“Technology now allows us to save babies as early as 22 to 23 weeks of gestation,” she says. “But up to 90 percent of these saved preemies will wind up with significant neurodevelopmental impairment. We see a lot of hypoxia in the NICU [neonatal intensive care unit]. We think it’s one of the most important causes for abnormal brain development ranging from mild learning deficiencies to cerebral palsy.”
“Thanks to three-dimensional culture, we now have a way of mimicking developing brains’ hypoxia exposure in a dish and I can study them. Once I understand what’s happening to them, the next step is to come up with a drug to prevent this from happening.”
Pasca’s brain-ball-generating method has been reproduced, and put to work, in numerous other labs, and not just to study early development.
“Pasca’s technique has become the standard method for generating neural spheroids in three dimensions,” says Boston University School of Medicine research associate professor Weiming Xia, PhD. In a study published in 2016 in PLOS One, Xia and his colleagues compared brain balls à la Pasca with old-hat 2-D neuronal cultures as vehicles for screening a couple of experimental drugs targeting Alzheimer’s disease.
The scientists found that the drugs — both of which work by reducing the production of a substance called A-beta that aggregates into gummy plaques characteristic of the disorder — showed less potency in brain balls than in 2-D neuronal cultures. That means a lot of expensive follow-up after a positive result using the 2-D assay could turn out to be a waste of time.
The reason for the drugs’ reduced efficacy in brain balls, Xia says, is that they had a hard time getting inside the brain balls. Because brain balls approximate the brain far more closely than flat sheets of neurons at the bottom of a petri dish, they probably provide more meaningful results, he says, and could help steer research to drugs that do find ways to penetrate and permeate the spheroids.
And in Pasca’s lab, the team has made brain balls resembling other important brain regions such as the midbrain structure called the striatum, a key component for facilitating movement and the brain’s reward system. The hope is to fuse the striatal balls with cortical balls and try to generate, in a dish, a nerve tract running between the striatum and the cortex that’s involved in movement disorders such as Parkinson’s and Huntington’s diseases as well as psychiatric conditions such as obsessive-compulsive and attention-deficit hyperactivity disorders. And they’re trying to replicate the spinal cord and a deep-brain structure called the thalamus — a relay station for sensory inputs.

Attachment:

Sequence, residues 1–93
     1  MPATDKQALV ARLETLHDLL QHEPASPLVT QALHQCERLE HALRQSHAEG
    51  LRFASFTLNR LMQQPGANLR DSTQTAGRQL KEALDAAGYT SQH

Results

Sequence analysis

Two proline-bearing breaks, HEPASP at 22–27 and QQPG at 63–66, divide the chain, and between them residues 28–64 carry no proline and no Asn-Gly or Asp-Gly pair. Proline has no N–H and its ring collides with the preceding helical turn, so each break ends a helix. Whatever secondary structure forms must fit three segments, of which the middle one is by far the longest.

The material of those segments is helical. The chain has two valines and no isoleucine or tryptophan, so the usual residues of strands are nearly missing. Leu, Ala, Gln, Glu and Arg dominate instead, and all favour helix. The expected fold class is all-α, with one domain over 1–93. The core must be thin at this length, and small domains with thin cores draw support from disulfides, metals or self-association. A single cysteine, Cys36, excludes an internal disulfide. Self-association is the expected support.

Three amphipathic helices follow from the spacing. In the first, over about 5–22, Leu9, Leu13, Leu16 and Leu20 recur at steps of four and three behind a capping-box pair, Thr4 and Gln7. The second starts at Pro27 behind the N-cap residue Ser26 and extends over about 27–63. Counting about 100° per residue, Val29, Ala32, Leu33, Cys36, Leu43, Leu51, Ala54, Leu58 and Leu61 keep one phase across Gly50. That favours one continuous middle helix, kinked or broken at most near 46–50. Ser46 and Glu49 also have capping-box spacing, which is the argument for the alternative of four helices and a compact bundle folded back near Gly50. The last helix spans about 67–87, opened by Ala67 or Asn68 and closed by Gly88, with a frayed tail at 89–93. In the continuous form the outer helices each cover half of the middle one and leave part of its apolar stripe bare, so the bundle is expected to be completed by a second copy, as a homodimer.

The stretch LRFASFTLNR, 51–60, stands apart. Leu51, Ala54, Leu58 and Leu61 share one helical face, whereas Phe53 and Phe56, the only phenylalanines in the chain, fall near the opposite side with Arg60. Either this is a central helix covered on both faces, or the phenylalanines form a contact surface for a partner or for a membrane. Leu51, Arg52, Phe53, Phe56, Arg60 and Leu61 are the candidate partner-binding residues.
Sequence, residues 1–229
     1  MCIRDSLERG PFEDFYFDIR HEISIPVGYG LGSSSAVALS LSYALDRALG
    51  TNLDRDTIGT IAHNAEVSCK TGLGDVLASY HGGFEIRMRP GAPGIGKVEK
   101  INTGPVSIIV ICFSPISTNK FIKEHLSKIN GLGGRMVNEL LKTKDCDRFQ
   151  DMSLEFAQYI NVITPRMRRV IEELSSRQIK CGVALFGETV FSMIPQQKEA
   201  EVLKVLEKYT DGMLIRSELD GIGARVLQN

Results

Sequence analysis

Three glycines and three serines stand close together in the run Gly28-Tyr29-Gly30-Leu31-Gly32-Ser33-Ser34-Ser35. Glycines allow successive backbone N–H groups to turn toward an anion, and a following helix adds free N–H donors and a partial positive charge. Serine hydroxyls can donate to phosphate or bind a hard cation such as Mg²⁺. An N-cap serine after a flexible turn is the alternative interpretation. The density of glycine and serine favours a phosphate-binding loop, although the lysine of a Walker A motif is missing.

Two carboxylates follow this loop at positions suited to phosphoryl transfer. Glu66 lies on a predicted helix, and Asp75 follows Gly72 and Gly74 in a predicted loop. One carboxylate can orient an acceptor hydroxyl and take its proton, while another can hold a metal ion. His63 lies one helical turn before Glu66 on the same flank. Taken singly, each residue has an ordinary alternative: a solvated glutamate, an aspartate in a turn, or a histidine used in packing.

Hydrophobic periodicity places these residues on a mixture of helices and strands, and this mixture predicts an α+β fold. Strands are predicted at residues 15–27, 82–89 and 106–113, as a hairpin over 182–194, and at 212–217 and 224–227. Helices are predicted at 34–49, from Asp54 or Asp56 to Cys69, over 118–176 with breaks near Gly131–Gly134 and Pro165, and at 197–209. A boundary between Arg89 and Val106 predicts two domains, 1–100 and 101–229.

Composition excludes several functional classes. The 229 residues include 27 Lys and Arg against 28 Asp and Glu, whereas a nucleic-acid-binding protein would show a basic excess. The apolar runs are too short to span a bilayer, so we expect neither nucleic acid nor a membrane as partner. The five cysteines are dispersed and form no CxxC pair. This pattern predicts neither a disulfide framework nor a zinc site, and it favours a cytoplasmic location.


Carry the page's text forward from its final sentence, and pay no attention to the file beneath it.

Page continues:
Thalamic brain balls will be particularly useful to John Huguenard, PhD, professor of neurobiology and of neurosurgery and one of the co-authors of Pasca’s 2015 paper, who is particularly interested in the circuits by which the thalamus communicates with the cortex, and vice versa.
“Genetic variants are estimated to account for up to 50 percent of seizure susceptibility,” says Huguenard. If Pasca’s brain ball-fusion results in the recapitulation of the nerve tracts connecting the two regions, Huguenard can study at close range the effects of genetic insults that induce a predisposition to epilepsy in a developing brain.
Pushing the boundaries
These balls of cells floating in a petri dish lack some crucial features of functioning brains — sensory input, for example, and connections to muscles, the immune system and a circulatory system. But Pasca thinks some of these problems will find solutions. Transplanting human brain balls into rodent brains could result in their tapping into the animals’ circulatory systems. He hopes to implant such fusion products, or just single brain balls, into a mouse, placing a patient-derived construct on one side of the mouse’s brain and another one derived from a healthy person on the other, then comparing how the two different brain balls operate in that living environment.
Pasca acknowledges the need for caution. “This type of transplant experiment requires approval like all of our experiments, but we are also actively engaged in conversations with ethicists and other scientists in the field about the best way to move forward.”
He’s part of a group working with the National Institutes of Health to create guidelines for the quickly advancing field. Where would he draw the line? “Primates. I would not want to transplant human brain cells into a nonhuman primate without a strong rationale.”
And interest continues to build. Pasca organized a December 2017 inaugural meeting focusing on three-dimensional modeling of the human brain. The meeting, held at Cold Spring Harbor Laboratory in New York, drew 130 participants from around the world, and he’s co-chairing a weeklong course in Italy this summer. Stanford has licensed the technology to a Vancouver-based company, STEMCELL Technologies, which plans to release brain ball culture kits that could speed researchers’ adoption of Pasca’s advance.
Meanwhile, Pasca’s lab now boasts almost as many different cultures as the United Nations. “We have hundreds of iPS cell lines obtained from patients with various psychiatric disorders,” he says. While planetary peace may be a distant development, learning how a living brain develops is a dream that’s rapidly coming true.